Virtual Eco-Comedy Awards Night A Success! By Maggie Stogner
7 December 2020
On Tuesday, Nov. 17, the Center for Environmental Filmmaking was delighted to be able to host the annual Eco-Comedy Awards ceremony and finally acknowledge the finalists and winners with a virtual ceremony, bringing filmmakers, families, and friends together from around the world (the CEF Awards Ceremony was originally scheduled in March during the DC Environmental Film Festival but postponed due to the pandemic).
This year’s competition had over 175 submissions from over 30 countries, amplifying diverse voices with short videos, animation, and innovative storytelling.
The theme was Clean Water and Clean Air. Five categories included Worldwide Grades K-8, High School, College/University, and Nonstudent, and, for the first time, a local DC/Maryland/Virginia category for grades K-8.
CEF partnered with The Nature Conservancy, the American University Center for Media and Social Impact, American University’s School of Communication, American University’s Office of Sustainability. Clean Air Partners partnered with us for the local competition.
A recording of the event, including the finalists and winning videos, can be found here (or watch below).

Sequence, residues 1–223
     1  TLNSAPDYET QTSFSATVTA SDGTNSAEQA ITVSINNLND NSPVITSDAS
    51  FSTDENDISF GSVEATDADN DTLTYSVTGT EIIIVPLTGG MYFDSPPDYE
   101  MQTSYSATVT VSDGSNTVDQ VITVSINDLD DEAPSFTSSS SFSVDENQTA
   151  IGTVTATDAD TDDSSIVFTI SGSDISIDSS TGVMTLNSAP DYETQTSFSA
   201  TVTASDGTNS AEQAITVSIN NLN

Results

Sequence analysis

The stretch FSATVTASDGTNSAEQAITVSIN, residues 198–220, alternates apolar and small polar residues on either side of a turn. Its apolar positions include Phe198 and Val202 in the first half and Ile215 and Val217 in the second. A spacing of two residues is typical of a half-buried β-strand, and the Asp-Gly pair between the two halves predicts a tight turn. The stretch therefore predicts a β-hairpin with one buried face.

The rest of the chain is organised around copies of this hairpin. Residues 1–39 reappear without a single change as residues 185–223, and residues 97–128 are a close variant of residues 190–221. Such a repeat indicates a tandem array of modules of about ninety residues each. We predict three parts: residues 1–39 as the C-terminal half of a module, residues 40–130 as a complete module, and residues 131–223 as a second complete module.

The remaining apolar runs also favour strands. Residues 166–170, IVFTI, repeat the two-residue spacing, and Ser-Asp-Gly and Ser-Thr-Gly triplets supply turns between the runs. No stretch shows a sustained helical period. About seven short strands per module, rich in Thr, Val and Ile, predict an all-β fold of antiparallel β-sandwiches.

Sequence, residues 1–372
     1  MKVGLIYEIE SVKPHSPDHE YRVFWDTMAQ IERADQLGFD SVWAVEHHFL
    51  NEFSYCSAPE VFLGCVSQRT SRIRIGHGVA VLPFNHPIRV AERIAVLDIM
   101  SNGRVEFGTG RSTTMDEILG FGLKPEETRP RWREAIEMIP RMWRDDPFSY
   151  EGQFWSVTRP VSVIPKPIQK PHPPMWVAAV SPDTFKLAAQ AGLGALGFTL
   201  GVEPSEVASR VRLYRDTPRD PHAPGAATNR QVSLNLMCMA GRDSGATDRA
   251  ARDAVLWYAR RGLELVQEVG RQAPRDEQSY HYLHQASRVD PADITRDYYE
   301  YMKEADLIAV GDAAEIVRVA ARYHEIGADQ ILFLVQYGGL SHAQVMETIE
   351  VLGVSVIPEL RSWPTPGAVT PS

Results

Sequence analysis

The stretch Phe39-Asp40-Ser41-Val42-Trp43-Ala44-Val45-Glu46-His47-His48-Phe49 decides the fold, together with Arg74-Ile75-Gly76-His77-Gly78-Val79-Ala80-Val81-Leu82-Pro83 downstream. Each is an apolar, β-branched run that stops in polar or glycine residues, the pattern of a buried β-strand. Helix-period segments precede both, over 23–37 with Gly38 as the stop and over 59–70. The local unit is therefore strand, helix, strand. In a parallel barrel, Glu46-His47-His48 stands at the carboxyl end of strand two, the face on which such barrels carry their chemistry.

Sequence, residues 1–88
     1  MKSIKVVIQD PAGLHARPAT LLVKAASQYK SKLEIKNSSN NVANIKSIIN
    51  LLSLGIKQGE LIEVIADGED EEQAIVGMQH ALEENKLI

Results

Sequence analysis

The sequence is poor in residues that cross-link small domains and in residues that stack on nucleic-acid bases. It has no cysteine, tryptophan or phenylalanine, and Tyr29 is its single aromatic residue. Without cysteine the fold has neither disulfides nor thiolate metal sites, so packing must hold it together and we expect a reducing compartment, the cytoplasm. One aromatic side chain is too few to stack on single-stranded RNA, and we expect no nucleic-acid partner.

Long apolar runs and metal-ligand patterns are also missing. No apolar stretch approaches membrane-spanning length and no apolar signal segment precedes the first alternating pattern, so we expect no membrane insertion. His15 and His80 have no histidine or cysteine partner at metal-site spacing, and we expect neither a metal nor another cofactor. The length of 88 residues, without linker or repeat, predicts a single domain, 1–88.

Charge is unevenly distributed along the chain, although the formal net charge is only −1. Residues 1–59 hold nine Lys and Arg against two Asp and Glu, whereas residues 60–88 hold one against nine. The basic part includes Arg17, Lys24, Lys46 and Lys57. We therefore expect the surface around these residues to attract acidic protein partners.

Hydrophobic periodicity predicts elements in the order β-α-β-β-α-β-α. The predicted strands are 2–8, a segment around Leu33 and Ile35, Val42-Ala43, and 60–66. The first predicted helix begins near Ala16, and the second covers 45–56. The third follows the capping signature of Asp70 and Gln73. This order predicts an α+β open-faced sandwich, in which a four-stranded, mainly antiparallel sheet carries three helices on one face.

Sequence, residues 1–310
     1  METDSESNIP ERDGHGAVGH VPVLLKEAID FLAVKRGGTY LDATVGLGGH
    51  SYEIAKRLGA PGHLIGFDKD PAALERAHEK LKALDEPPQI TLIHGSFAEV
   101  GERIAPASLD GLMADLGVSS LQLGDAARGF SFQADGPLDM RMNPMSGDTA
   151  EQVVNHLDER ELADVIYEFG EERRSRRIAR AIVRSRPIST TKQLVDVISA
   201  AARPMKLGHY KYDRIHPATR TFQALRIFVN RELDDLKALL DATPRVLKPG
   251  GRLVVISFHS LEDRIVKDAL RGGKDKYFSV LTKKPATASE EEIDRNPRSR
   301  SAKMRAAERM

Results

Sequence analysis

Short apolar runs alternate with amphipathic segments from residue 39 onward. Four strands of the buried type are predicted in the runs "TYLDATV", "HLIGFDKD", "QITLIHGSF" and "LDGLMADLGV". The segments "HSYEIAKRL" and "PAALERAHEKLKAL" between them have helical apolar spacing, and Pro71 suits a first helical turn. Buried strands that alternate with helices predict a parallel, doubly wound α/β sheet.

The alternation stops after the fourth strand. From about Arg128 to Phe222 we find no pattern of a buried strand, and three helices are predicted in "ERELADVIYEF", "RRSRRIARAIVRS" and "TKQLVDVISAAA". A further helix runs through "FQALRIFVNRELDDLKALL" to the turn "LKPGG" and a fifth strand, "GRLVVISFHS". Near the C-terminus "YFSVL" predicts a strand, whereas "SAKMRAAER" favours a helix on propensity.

Support mounts for a global treaty to combat plastic pollution– but much work remains to secure it
Last week (13 Nov '20), the ‘ad hoc expert group’ (AHEG) tasked by the United Nations Environment Assembly (UNEA) to explore global options to combat plastic waste was concluded.
The fulfilment of the its mandate marks two years of consultations between countries and observers to take stock of existing activities, identify potential global actions and analyse their potential effectiveness in tackling plastic pollution.
Despite a transition to an online virtual platform, the meeting yielded fervent discussions and deliberations on the best route forwards.
Over the lifetime of the AHEG, appetite for a new binding global treaty has become increasingly apparent – not just from countries, regions and civil society organisations, but also the business community which now see the added value in a global agreement. Nowhere has this support been more apparent than at last week’s fourth and final AHEG meeting.